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The Forgotten Woman

I watched this morning's too-close-to-call International Olympic Committee (IOC) vote with friends in London and while these normally self-deprecating Londoners are elated to bag the $3bn prize of hosting the 2012 games, there's also a feeling that the city's rivals choked on the final lap. French president Jacques Chirac may have delivered the coup de grace to Paris with some tactless comments this week about the Brits, while state authorities knocked-out New York's chances by nixing Mayor Bloomberg's plan to build a stadium near Madison Square Gardens.

But London owes a debt of thanks to another American, Boston-born Barbara Cassani. The forgotten woman of the London bid, Cassani — former CEO of no-frills airline Go! — put together the concept and assembled the bid team. I interviewed an ebullient Cassani a few weeks into her appointment when she and her skeleton crew were still awaiting office furniture. A year later, having laid the foundations, Cassani stepped aside, admitting that she wasn't up to the schmoozing and flesh-pressing needed in the latter stages of an Olympic bid. She wasn't schooled in the unofficial rules of Olympic bar-fly lobbying, such as the unspoken obligation never to leave a bar while there's still an IOC member in it.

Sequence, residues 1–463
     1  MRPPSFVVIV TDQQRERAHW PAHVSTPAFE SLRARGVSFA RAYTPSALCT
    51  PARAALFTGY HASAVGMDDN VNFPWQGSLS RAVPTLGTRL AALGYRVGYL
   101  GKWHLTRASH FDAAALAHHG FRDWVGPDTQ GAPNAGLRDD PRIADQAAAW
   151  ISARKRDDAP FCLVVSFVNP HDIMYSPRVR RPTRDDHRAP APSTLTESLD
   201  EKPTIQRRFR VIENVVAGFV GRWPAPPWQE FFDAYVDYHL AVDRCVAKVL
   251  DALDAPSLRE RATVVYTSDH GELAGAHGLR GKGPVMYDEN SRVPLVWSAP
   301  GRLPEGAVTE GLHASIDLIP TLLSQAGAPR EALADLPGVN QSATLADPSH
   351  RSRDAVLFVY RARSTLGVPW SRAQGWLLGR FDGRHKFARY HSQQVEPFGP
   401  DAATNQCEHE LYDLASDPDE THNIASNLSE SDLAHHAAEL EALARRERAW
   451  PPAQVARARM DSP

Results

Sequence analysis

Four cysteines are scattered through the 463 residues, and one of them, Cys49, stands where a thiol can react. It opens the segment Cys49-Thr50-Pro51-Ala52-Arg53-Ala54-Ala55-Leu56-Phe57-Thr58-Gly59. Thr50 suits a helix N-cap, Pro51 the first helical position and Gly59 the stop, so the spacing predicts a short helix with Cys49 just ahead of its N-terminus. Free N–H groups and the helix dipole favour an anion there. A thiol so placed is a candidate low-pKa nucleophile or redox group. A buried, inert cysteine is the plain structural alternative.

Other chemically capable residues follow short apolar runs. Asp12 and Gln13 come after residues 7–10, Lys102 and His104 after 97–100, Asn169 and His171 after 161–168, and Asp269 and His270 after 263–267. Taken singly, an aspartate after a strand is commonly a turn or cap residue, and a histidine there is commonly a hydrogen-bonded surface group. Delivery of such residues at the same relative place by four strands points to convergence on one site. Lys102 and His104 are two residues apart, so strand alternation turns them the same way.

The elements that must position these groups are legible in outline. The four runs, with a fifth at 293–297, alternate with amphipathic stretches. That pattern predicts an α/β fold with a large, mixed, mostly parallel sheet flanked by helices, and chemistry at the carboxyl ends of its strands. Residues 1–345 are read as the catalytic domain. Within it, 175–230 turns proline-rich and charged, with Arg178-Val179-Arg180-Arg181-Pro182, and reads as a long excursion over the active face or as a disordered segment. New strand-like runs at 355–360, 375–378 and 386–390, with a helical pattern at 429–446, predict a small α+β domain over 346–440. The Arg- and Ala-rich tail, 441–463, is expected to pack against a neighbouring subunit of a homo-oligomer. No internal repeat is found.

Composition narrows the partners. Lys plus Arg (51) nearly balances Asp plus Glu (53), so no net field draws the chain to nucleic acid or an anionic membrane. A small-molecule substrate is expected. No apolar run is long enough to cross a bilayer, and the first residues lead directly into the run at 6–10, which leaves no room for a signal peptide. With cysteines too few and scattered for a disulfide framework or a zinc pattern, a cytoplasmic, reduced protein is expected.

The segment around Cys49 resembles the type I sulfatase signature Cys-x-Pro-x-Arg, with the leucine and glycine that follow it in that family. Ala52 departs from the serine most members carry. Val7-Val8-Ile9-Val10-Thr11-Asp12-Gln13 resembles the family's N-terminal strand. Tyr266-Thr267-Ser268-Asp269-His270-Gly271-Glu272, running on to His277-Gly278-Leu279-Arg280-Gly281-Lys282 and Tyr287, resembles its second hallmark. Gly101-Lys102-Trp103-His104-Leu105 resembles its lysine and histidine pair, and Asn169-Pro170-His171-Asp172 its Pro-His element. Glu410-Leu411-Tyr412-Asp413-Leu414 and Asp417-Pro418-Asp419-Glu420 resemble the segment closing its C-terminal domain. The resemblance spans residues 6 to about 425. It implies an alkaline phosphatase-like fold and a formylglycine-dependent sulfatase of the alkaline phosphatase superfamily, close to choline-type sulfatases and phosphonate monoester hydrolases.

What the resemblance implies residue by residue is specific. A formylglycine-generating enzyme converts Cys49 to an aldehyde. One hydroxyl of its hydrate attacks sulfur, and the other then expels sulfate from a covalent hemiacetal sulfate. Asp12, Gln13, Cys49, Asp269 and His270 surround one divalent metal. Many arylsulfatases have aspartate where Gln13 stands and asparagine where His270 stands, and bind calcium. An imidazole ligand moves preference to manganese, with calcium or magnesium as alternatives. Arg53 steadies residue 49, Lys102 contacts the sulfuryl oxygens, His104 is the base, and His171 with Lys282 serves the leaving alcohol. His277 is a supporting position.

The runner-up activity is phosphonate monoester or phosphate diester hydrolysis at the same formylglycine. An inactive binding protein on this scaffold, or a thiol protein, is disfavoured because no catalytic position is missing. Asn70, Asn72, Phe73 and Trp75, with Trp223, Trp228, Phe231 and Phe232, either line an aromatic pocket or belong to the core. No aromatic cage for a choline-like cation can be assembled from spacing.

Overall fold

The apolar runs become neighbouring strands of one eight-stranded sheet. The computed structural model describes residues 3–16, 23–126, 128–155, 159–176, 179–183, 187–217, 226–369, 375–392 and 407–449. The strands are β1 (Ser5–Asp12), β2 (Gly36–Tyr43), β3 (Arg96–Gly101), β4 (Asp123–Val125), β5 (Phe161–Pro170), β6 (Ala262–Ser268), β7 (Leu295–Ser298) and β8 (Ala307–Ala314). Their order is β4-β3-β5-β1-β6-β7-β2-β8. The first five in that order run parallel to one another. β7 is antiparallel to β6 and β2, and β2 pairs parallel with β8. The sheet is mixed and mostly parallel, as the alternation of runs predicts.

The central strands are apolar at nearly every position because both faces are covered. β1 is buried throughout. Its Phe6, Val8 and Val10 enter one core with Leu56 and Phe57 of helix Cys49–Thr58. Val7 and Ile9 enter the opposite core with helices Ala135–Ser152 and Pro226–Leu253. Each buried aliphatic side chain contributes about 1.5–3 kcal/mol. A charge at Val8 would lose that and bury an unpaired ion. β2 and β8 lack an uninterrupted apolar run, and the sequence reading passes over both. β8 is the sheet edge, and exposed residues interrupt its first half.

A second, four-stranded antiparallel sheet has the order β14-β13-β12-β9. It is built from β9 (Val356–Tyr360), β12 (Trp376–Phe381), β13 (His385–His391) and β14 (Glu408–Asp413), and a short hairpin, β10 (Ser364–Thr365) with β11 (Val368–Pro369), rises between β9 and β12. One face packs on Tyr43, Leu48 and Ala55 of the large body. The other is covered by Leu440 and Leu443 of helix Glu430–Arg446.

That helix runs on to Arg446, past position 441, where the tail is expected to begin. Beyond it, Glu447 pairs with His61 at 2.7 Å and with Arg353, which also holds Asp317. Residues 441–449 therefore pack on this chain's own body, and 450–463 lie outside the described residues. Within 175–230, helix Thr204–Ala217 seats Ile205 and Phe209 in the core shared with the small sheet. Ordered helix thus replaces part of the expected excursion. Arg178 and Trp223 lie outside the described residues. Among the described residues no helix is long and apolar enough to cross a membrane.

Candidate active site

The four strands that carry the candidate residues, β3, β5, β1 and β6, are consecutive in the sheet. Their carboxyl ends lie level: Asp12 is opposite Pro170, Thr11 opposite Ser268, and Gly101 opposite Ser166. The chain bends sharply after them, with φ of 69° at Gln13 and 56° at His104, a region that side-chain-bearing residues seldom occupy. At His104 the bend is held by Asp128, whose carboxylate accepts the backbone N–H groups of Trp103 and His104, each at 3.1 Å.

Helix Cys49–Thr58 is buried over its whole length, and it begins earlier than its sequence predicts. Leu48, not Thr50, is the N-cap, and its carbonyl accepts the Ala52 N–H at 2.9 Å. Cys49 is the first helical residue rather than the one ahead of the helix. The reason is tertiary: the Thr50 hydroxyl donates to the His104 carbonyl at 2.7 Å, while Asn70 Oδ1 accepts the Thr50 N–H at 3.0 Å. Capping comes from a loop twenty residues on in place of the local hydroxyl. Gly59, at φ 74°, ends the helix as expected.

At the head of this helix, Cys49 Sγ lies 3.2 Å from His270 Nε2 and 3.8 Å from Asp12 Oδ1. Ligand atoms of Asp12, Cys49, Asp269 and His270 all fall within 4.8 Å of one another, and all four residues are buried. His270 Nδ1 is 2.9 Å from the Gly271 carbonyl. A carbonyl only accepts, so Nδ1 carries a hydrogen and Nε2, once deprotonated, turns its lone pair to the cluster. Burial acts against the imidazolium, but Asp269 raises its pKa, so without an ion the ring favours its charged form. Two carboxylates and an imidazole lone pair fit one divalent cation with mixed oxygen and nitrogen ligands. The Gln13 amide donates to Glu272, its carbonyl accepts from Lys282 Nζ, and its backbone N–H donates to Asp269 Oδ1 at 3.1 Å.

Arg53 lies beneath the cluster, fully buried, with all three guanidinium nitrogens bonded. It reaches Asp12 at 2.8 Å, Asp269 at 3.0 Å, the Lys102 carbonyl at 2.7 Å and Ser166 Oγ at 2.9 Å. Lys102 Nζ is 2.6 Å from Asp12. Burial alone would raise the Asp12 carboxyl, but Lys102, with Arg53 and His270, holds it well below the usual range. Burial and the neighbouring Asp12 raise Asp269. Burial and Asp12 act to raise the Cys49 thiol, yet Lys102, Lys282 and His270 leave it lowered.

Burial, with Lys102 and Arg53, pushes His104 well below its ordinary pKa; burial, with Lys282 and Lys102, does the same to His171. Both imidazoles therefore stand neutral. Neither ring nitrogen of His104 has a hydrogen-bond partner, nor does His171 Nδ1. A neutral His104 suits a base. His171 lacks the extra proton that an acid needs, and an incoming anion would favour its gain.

It was the right decision and since she took a back seat, London's campaign has gone from strength to strength. But the episode says as much about the ridiculously arcane machinations of the IOC voting process as it does about Cassani's capacity for candid self-assessment.